August 28, Sunday

jabez2Editor’s Note: The AMI QT Devotionals for August 27-8 are provided by Jabez Yeo.  Jabez, a graduate of University of Pennsylvania, is currently working in NYC and serving at TRPC-E.  He hopes to become a missionary.

Devotional Thought for Today

Matthew 22:35-7

And one of them, a lawyer, asked him a question to test him. 36 “Teacher, which is the great commandment in the Law?” 37 And he said to him, “You shall love the Lord your God with all your heart and with all your soul and with all your mind.”

28One component to loving God with our mind is expanding and developing it. Much in the same way that lifting weights can develop muscles, grappling with difficult concepts can sharpen our minds, which is the subject of today’s devotional. Don’t throw in the towel too early; stay with it and both your mind and your heart will be enriched (P. Ryun).

In the 4th century A.D., the church fought for true worship against the heresy of Apollinarianism, whose founder Apollinarius proposed that humans are composed of three aspects: body, soul, and spirit. Thus, according to Apollinarius, Jesus was divine in that the Logos took the place of a spirit in Him; but that His body and soul were human (i.e. “God in a body”).

In response, Gregory of Nyssa rose to combat this heresy because he saw it undermining salvation: If Jesus’ humanity was not complete, then our human nature could not be fully saved through Him. In his writings, Gregory argued from a place of humility, as he always reminded his readers, that ultimately God’s essence is transcendent (i.e, beyond this world). Gregory then went on to explain that in Christ, there are two “what” (i.e. full divinity and full humanity) and one “who” (i.e. Jesus Himself); but in the Trinity, there are three “who” (i.e. Father, Son and Holy Spirit) and one “what” (i.e. full divinity). For Gregory, the “key to unlocking but not destroying the mystery of the Trinity and Jesus Christ is the distinction between whatness and whoness”[1]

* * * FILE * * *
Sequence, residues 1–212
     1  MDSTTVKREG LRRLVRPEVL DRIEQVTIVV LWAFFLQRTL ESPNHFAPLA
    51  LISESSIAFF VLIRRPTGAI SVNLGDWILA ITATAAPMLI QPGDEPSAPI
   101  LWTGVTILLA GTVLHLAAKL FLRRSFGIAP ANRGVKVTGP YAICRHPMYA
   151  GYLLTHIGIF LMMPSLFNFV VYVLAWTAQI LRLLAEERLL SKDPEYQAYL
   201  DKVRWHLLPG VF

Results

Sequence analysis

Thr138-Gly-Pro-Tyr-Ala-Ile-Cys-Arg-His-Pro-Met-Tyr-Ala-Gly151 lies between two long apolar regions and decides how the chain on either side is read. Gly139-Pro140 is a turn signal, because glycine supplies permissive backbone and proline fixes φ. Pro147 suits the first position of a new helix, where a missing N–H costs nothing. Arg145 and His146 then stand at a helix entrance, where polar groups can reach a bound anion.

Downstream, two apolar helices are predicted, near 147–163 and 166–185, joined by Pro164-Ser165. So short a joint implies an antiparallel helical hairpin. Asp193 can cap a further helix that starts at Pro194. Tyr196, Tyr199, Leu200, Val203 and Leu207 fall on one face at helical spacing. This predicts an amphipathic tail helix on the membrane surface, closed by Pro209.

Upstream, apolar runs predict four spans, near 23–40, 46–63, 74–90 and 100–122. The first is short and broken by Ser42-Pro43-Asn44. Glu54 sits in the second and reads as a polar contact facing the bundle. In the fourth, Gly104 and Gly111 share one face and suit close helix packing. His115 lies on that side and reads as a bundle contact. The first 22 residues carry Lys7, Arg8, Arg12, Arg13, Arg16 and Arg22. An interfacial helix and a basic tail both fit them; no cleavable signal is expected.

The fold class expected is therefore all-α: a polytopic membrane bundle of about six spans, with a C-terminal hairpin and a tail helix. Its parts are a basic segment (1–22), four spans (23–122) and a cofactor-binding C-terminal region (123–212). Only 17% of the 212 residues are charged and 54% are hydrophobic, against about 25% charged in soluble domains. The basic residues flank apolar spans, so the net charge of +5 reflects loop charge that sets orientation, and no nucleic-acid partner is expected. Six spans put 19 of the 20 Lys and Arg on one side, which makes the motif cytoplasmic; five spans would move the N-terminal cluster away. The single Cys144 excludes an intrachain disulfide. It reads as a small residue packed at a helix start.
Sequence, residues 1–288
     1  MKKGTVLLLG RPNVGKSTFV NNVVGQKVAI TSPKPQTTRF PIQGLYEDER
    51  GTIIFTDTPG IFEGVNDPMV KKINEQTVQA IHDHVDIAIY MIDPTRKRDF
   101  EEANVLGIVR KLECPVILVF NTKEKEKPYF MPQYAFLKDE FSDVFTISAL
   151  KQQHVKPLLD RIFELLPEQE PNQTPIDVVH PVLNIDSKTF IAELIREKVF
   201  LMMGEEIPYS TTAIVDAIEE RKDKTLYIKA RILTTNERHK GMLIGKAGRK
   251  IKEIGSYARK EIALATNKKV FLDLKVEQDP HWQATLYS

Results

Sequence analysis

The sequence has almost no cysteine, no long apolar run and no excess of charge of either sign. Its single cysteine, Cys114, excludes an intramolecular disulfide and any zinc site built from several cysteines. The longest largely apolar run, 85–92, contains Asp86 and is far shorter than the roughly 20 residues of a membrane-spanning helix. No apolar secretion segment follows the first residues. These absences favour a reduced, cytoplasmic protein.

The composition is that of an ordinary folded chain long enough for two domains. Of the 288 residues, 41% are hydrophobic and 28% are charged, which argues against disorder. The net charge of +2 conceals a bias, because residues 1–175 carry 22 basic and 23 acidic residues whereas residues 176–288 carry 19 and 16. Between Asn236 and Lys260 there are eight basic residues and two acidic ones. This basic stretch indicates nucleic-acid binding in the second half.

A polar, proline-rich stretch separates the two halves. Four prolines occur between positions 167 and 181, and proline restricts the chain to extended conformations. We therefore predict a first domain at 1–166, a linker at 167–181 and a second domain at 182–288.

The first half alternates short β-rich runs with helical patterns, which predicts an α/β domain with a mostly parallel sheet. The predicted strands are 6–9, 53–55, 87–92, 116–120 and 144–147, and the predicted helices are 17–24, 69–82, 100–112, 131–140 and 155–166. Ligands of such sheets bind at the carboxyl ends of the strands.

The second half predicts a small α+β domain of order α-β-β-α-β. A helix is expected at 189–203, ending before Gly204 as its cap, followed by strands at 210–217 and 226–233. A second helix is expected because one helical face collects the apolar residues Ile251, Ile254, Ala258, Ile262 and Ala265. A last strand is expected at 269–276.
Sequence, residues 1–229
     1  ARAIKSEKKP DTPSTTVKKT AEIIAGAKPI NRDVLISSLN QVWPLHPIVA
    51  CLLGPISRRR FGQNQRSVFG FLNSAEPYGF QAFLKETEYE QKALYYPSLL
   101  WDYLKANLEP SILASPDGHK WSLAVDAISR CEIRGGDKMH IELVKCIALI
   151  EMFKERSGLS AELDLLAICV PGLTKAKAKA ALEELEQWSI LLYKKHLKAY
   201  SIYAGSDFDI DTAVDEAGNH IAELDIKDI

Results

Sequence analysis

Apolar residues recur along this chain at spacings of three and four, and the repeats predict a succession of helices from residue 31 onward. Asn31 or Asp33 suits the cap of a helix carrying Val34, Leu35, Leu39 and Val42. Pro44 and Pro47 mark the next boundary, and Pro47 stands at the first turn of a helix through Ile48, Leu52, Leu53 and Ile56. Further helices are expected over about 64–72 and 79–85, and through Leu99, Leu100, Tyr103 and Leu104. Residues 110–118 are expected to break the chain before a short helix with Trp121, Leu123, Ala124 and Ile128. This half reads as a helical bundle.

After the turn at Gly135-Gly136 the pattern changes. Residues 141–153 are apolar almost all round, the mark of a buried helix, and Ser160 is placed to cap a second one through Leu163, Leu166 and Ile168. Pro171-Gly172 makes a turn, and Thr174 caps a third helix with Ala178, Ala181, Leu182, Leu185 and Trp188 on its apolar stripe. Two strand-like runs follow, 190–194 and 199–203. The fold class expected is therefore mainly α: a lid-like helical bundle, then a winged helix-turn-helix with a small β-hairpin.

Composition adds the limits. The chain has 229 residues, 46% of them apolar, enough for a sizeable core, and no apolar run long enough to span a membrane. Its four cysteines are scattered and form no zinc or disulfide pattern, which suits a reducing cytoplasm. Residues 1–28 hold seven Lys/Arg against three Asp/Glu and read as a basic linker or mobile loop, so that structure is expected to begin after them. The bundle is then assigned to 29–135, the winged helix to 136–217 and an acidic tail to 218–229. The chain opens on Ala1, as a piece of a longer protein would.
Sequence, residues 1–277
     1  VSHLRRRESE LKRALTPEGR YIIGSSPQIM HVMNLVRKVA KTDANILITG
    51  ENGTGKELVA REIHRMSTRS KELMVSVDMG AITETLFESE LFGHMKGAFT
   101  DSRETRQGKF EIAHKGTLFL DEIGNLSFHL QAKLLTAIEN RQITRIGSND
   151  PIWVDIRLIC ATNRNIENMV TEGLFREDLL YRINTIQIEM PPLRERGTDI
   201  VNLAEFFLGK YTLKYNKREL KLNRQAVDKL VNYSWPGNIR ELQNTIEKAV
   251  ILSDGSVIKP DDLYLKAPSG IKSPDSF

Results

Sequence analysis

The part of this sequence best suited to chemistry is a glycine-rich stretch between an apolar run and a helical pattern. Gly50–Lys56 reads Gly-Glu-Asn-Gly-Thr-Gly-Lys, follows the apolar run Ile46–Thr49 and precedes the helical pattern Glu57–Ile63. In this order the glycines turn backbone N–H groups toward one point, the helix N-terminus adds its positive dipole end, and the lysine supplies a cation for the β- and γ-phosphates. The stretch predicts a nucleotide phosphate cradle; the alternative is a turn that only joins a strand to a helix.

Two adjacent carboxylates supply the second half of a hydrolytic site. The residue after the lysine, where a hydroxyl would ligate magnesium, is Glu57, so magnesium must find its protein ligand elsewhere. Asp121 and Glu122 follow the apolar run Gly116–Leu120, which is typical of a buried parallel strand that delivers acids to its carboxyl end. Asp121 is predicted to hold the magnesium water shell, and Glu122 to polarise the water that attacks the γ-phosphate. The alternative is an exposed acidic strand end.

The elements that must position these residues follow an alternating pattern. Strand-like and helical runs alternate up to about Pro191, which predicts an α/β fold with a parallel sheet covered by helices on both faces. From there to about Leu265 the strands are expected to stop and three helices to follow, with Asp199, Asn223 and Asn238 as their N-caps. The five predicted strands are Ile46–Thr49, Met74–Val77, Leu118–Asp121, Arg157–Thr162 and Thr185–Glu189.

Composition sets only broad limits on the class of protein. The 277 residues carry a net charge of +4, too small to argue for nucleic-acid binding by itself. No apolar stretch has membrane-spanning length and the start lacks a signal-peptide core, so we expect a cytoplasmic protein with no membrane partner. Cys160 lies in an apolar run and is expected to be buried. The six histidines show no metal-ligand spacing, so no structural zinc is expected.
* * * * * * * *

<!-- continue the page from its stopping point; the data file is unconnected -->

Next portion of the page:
Interestingly enough, Gregory is widely known not for his theological contributions but for his devotional life. When he wasn’t combating heresies, Gregory “wrote many reflections and commentaries on Scripture, most notably on Moses, the Lord’s Prayer, the Song of Songs, and the Beatitudes.”[2]  For Gregory, Christianity was not just a religion of sound doctrine but also of full heart and spirit engagement. When historians reflect on Gregory’s life, many believe that his most important contributions to Christianity were in the areas of spirituality and biblical vision, as opposed to doctrine.

It is a common struggle to worship God with one part of ourselves but not others. As we enter into service today, let’s seek to worship God with everything we have, because He is worthy. From this day forward, let’s aim to pour out our hearts, souls and minds to Him. 

Prayer: Lord Jesus, You are worthy of everything that I have. All that I have is from You, and You have given me much more than I ever deserve. Help me to fully worship You today and from this day forward. May You be the only One to receive my worship and adoration. In Your Name I pray. Amen

[1] Olson, Roger. The Story of Christian Theology: Twenty Centuries of Tradition & Reform.

[2] https://www.crossroadsinitiative.com/library_author/52/St._Gregory_of_Nyssa.html

Bible Reading for Today: Luke 7

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